Every job search should begin with what I call your “job kit”. Your “job kit” should show people that you’re worth investing in. Because that’s exactly what they’re deciding whether it’s by hiring you or recommending you for a position. Your job kit should be a part of your professional “Copy Bible”. If you don’t know what a Copy Bible is and why you need one — learn more about it here.
When building your job kit, you should include a compelling cover letter, results-based resume, strong LinkedIn profile and response-worthy emails. These materials can help you deliver the right message that says, “Here is why you want to hire me.”.
Three secrets to a standout cover letter
I usually get a flurry of emails and LinkedIn connection requests after a major presentation or some media coverage.
One message in particular caught my eye. The individual, we’ll call him Bob, is looking for a new job. In his message to me, he included a detailed list of his qualifications and what he was looking for in a new opportunity.
Glancing at his list, he was obviously very talented. And I found his direct request for assistance very refreshing. But I knew he wasn’t getting his point across to prospective employers. He had years of experience, a proven track record and knew what he was looking for in a position. But what was missing was a message that grabs attention. This is how you land the interview which leads to that position you crave.
- Make every word count. Your cover letter doesn’t need to be long to make an impact, but it does need to be “tight” to keep the reader’s attention. To accomplish this, stay focused on your goal – to obtain an actual or informational interview – and eliminate unnecessary words in your letter.
- Write for the reader. Your cover letter should be focused on the reader and what they care about. Instead of describing what you’re looking for in a position, explain why you fill the prospective employer’s needs.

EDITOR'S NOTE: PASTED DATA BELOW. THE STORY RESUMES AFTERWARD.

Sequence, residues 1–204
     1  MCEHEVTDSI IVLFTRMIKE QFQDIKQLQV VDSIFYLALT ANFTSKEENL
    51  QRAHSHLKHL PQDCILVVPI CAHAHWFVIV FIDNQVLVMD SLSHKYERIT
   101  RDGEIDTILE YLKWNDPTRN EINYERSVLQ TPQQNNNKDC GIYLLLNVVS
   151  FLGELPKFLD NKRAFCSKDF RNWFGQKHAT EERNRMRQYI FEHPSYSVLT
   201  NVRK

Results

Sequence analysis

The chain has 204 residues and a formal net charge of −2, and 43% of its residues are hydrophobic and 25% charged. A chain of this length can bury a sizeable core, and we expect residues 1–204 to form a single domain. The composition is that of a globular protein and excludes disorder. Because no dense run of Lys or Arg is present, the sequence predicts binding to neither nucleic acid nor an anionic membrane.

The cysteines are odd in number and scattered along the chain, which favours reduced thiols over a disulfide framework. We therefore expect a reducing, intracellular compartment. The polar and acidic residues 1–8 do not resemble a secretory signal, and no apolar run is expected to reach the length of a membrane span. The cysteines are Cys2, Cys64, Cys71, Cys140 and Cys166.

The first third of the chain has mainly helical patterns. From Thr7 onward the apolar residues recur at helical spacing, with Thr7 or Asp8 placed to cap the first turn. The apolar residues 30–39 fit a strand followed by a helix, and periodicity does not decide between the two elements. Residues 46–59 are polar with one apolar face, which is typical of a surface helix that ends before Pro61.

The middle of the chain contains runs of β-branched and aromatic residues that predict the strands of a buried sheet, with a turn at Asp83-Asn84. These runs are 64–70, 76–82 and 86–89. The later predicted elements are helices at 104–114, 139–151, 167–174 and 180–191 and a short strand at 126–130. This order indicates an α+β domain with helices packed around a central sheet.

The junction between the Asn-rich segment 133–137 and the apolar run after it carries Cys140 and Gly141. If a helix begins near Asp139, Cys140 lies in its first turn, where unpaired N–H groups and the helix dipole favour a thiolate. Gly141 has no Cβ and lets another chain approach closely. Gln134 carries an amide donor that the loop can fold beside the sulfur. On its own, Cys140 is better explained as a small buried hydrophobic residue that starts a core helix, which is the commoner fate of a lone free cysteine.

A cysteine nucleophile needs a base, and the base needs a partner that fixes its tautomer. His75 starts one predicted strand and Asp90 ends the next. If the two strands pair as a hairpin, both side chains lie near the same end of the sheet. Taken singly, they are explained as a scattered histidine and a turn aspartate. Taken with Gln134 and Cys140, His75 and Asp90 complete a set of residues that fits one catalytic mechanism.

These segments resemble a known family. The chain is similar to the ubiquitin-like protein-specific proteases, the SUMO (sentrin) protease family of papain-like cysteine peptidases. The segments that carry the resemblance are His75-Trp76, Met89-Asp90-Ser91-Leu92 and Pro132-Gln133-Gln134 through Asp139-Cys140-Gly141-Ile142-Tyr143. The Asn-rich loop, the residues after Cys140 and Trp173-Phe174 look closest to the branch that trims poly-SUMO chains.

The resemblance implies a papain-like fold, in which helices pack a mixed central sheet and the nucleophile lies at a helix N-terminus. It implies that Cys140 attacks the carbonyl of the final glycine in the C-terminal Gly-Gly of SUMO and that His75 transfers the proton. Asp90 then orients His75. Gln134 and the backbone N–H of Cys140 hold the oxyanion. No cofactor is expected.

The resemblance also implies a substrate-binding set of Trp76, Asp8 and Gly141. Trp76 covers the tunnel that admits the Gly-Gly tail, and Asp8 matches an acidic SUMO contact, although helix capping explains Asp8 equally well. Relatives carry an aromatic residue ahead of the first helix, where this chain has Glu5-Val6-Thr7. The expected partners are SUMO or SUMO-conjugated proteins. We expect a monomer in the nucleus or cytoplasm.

- Use proof points. Proof points are the evidence of your value. They prove what you can do. Instead of including a laundry list of skills or activities, list your accomplishments. Make it clear what you would bring to a position. For example, “I’ve implemented a process that increased sales by 30% and reduced expenses by 25%.”
How to write a killer resume
Your resume should tell a compelling story that shines a light on your abilities and achievements. For starters, you’ll need an executive summary statement. Don’t be shy. Your goal is to pique the reader’s interest in you. Make it clear who you are and what you can achieve. Because the average person only has an 8-second attention span, you’ve got to do it fast.
In the first two sentences, describe the full breadth and depth of your experience. Resist the urge to be tactical or long winded. Yes, being disciplined, consultative and collaborative are all good characteristics, but it’s more important to start with how you’ve interacted with the C-suite, managed P&L’s or led global distribution centers.
Create sound bites like this: “A tenured sales executive with expertise leading complex global organizations, across 15 continents with a $90 million quota.”
Once you’ve nailed that message, here’s a guide to crafting a résumé that does you proud:
Focus on results. Hiring managers are less interested in what you did than in what you achieved. For example, if you “designed and implemented a leadership development program,” your bullet point might read like this: “I shaped company direction, having trained more than 20 Fortune 500 executives on how to boost brand awareness and influence consumer behavior.”
Your resume should also be frontloaded, showing your most relevant info first.
- Make it easy to read
- Choose a crisp and clean format
- Use white space, bullet points and bolded text to make your content super scannable
- Keep it to no more than two pages in length
- Start strong and order your content flow so that the most relevant parts of your story are at the top
- Don’t dwell on the past and make it easy for the reader to get the gist of your past work history
- When possible, back up your claims with financial results
Make LinkedIn a priority to maximize your job search efforts
The most important real estate on LinkedIn is the number of connections a person has, so you want to have at least 500. Anything lower and you’re perceived as a recluse. But 500 or more helps position you as an engaged and respected professional.